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Libby A. Nelson at  Inside Higher Ed  weighs in on the conflict and compromise that many Catholic universities are increasingly faced with today. The article covers much more, but mentions the controversies involved in institutional recognition of public figures whose moral commitments don’t quite square with Catholic teaching. Timely, since graduations are this week and next for many universities, and Kathleen Sebelius has been invited to speak at Georgetown:

Commencement speaker controversies aren’t uncommon, and the colleges’ choice of speaker can often be fraught. A 2004 directive from the church instructed colleges not to honor those whose views conflict with church doctrine. As well as the uproar at Notre Dame over Obama in 2009, Speaker of the House John Boehner drew protests from Catholic University faculty members when he served as that institution’s commencement speaker. They believed that his political positions did not uphold church teachings on poverty . . . While controversies over speakers on campus are perennial, bishops and presidents agree more frequently than they used to, said Galligan-Stierle. “When I look at where we were 20 and even 10 years ago, and where we are today, I think there’s substantial agreement,” he said, in part due to better relations between bishops and presidents.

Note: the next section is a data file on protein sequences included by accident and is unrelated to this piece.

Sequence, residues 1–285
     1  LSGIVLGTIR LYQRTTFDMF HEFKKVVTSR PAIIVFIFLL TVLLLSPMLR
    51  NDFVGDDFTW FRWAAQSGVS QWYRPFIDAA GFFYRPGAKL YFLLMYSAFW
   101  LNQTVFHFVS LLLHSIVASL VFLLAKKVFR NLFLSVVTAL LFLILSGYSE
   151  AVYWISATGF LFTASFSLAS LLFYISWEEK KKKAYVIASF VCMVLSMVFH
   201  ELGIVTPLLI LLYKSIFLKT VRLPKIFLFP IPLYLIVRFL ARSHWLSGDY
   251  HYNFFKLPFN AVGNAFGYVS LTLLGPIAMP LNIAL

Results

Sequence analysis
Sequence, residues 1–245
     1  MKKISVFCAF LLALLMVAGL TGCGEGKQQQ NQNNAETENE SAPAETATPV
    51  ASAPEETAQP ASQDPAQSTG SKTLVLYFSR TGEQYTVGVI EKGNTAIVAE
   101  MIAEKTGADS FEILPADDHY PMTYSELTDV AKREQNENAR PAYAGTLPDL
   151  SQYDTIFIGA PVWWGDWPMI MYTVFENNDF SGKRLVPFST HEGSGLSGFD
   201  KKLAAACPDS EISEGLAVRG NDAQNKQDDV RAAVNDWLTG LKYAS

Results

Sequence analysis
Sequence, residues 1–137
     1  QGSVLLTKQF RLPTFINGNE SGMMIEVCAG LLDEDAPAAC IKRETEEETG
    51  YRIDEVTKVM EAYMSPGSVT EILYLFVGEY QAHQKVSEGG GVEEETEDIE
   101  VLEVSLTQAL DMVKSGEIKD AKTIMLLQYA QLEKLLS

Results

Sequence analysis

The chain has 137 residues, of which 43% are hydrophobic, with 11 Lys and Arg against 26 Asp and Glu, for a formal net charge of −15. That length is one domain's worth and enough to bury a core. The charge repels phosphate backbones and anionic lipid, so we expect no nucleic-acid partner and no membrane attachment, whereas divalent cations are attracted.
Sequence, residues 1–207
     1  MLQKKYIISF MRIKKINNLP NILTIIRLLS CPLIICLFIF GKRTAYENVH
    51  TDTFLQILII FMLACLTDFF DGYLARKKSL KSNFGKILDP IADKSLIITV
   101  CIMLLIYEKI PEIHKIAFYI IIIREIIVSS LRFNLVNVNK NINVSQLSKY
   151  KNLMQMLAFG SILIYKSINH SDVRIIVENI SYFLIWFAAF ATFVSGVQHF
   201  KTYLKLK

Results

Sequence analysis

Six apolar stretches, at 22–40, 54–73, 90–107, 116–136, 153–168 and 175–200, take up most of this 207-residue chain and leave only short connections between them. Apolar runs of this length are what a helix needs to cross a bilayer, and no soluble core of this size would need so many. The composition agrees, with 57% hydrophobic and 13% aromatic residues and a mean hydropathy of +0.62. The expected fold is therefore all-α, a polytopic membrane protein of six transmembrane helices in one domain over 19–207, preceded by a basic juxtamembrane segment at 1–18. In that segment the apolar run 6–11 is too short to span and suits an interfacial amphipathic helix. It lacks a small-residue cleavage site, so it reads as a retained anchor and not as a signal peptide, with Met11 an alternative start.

You can read the full article here , or see last year’s most hotly disputed commencement speech  here .

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